“We want to encourage adults to engage with their children to really understand how their actions affect them, both in the short and long term.”

“Here, we are offering a necessary insight into what children of separated parents are going through, advice on how to help them and an opportunity for parents to start a dialogue with their children. Without an outlet for their pain, young people will continue to suffer, and often this suffering will be in silence.”

Sandra Davis, Head of the Family department at Mishcon de Reya added:

Taking into account the welfare, wishes and feelings of children during a family dispute is an enshrined legal principle, but without the concerted effort of parents to prioritise their children over their difficulties with one another, the law can only do so much.”

“It is only through listening to children that we can begin to develop a long term mechanism to ensure they are protected during and following their parents’ separation. And never has this been more important. According to data released by the ONS at the end of last year, almost half (48%) of couples divorcing in 2013 had at least one child aged under 16 living in the family. And that’s just married couples. Cohabiting families are the fastest growing family unit – the number of children living in opposite sex cohabiting families has more than doubled, from 0.9 million in 1996 to 2.1 million in 2015 according to a House of Commons briefing paper published earlier this year.”

“Society no longer follows the traditional structure for which the law was developed, and yet we continue to see courts being forced to make decisions for modern families that will inform the lives of the children within them. Alternatives to litigation such as therapy or mediation have been shown to deliver better outcomes for children and their parents.  Public finances should be more widely used in supporting these services.” 

“Confusion, loneliness, worry and the multitude of other feelings that accompany the breakdown of a family don’t have a gender, class, race or religion. It is not just our parental responsibility to our children that is vital, it is our societal responsibility to listen and seek to understand what children tell us about how we can serve their needs better in the event of a family breakdown.”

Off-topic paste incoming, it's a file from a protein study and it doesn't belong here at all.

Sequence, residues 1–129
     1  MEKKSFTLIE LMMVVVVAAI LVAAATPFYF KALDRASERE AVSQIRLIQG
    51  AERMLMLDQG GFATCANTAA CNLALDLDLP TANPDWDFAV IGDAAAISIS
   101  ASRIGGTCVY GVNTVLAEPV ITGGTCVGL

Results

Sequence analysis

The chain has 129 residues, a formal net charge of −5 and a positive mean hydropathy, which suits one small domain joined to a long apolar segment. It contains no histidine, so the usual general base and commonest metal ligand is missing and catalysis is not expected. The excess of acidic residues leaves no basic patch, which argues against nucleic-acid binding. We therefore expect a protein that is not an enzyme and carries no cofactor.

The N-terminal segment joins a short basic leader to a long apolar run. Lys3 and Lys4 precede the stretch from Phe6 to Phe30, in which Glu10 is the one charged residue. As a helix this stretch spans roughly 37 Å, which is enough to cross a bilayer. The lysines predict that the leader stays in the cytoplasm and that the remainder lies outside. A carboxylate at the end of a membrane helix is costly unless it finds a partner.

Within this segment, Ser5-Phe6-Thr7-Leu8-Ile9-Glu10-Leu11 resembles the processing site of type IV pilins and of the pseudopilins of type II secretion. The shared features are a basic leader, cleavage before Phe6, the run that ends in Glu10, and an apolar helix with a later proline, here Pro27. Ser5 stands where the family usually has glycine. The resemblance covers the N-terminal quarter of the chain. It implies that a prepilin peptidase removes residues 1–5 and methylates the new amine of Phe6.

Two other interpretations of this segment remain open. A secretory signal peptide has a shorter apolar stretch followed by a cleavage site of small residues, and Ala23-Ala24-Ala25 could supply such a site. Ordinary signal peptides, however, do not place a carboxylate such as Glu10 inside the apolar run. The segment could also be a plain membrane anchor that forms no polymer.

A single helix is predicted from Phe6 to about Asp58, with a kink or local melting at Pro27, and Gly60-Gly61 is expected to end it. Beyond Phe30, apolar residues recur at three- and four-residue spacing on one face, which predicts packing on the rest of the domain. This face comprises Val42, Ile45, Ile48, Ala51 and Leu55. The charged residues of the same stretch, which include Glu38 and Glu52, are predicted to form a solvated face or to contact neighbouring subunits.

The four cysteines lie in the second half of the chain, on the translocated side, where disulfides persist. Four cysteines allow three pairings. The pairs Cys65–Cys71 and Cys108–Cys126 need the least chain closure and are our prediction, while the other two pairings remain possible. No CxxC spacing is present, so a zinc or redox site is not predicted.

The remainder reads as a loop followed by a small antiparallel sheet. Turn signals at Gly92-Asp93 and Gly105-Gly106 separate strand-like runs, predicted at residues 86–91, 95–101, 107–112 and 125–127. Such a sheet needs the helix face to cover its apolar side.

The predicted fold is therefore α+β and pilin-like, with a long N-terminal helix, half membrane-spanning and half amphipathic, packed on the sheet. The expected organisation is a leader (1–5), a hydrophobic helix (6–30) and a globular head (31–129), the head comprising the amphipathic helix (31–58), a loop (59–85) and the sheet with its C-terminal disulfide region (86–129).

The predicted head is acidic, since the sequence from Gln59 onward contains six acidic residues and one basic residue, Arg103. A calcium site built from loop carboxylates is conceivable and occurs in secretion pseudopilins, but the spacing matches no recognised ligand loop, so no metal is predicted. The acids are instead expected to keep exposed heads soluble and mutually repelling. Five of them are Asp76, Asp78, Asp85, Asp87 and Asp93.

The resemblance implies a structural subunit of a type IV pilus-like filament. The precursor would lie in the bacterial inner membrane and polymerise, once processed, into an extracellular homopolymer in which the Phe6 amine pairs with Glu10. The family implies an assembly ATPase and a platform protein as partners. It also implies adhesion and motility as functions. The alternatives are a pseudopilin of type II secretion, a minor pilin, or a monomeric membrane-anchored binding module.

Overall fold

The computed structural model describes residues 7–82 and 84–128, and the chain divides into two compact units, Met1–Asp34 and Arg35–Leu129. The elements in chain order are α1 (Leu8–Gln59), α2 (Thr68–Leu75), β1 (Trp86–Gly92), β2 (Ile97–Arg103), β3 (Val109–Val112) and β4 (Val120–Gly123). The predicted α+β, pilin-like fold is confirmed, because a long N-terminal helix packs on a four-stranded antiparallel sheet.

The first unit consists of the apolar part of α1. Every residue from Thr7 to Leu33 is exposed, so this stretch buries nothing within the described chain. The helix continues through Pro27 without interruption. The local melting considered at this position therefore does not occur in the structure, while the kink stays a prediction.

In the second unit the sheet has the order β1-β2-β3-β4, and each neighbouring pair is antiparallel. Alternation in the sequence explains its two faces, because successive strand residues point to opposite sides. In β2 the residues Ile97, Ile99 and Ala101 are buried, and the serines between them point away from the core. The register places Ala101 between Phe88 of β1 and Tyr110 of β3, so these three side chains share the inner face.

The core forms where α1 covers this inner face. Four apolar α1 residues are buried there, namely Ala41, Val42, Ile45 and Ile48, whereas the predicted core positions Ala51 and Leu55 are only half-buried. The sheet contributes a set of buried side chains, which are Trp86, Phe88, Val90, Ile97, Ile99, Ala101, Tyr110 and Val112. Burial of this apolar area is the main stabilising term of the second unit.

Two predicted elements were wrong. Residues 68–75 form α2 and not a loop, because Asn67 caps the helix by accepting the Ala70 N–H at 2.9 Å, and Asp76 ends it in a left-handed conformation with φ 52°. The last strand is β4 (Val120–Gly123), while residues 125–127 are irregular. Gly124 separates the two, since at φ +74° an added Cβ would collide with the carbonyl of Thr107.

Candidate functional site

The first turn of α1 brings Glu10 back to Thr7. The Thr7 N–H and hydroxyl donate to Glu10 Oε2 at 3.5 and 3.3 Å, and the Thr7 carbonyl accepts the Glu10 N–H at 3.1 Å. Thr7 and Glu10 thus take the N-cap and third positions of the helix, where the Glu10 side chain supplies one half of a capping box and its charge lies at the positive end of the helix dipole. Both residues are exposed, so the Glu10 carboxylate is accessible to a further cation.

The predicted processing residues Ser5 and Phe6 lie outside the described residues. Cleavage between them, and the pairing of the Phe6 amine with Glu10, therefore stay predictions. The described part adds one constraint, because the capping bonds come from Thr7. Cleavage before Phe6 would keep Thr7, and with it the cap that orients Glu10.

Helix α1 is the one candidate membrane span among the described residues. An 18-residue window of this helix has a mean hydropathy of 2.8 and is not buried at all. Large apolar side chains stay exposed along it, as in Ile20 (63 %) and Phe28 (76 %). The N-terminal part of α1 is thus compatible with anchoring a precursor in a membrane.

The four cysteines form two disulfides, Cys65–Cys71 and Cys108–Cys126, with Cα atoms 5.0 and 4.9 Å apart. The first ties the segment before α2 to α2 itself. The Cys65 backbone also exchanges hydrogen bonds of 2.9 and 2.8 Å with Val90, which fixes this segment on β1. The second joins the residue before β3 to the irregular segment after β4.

Dr Stephen Adams-Langley of Place2Be epitomises this debate in his advice to parents that they “have to put more effort into the love they have for their children than into the animosity they may have for each other.”

Writer and long-time Place2Be supporter Sophie Dahl has written the foreword for the book – of which all proceeds will go to Place2Be – and input was provided by the Voices in the Middle project.

Splitting Up – A Child’s Guide to a Grown Up Problem is available on Amazon

SM reads… ‘Mum Hacks’ by Tanith Carey

When this one arrived we did wonder if Tanith would be able to teach us old dogs any new tricks… So often with parenting self-help books, the suggestions are either too complicated to integrate into family life or just not the kind of things that resonate with boisterous children.

SM tester writes: this book is so easy to read that I did it in one evening; very straight-talking, very ‘to the point’. The premise is that as a Mum you could save a lot of time and effort with a few tips, a bit of streamlining, some systems, a dash of decluttering and a rigid set of rules. The book is divided into sections discussing areas of family turbulence such as mealtimes, the school run, holidays, bedtimes etc plus some advice on getting on top of toybox explosions, toddler strops and how to sneak in a 200 calorie workout in the playground.

Some of the tips, for a seasoned parent, are fairly obvious (like get a high chair with a washable plastic tray; let’s face it, who *doesn’t* opt for the cheapy Ikea one at least by their second child?) or store hairbands on the handle of the hairbrush – but actually it makes a lot of sense to have all the tips in one place and if you have a slightly child-frazzled brain, some of them serve as a reminder (I found myself saying to my other half ‘remember when we used to do that, that worked for a bit, didn’t it?)